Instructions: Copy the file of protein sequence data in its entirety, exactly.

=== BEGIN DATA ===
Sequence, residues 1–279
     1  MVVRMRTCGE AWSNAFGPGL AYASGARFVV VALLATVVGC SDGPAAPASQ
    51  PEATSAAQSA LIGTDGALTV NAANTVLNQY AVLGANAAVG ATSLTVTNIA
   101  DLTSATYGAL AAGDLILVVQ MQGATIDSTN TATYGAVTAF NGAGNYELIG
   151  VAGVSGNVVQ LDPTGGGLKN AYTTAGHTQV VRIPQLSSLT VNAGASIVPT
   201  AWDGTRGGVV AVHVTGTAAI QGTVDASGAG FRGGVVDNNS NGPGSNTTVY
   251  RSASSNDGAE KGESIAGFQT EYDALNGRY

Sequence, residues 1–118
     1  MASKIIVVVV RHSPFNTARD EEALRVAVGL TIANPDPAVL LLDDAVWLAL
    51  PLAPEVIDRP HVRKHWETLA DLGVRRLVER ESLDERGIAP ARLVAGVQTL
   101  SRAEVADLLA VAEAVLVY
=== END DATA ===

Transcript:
Sequence, residues 1–279
     1  MVVRMRTCGE AWSNAFGPGL AYASGARFVV VALLATVVGC SDGPAAPASQ
    51  PEATSAAQSA LIGTDGALTV NAANTVLNQY AVLGANAAVG ATSLTVTNIA
   101  DLTSATYGAL AAGDLILVVQ MQGATIDSTN TATYGAVTAF NGAGNYELIG
   151  VAGVSGNVVQ LDPTGGGLKN AYTTAGHTQV VRIPQLSSLT VNAGASIVPT
   201  AWDGTRGGVV AVHVTGTAAI QGTVDASGAG FRGGVVDNNS NGPGSNTTVY
   251  RSASSNDGAE KGESIAGFQT EYDALNGRY

Sequence, residues 1–118
     1  MASKIIVVVV RHSPFNTARD EEALRVAVGL TIANPDPAVL LLDDAVWLAL
    51  PLAPEVIDRP HVRKHWETLA DLGVRRLVER ESLDERGIAP ARLVAGVQTL
   101  SRAEVADLLA VAEAVLVY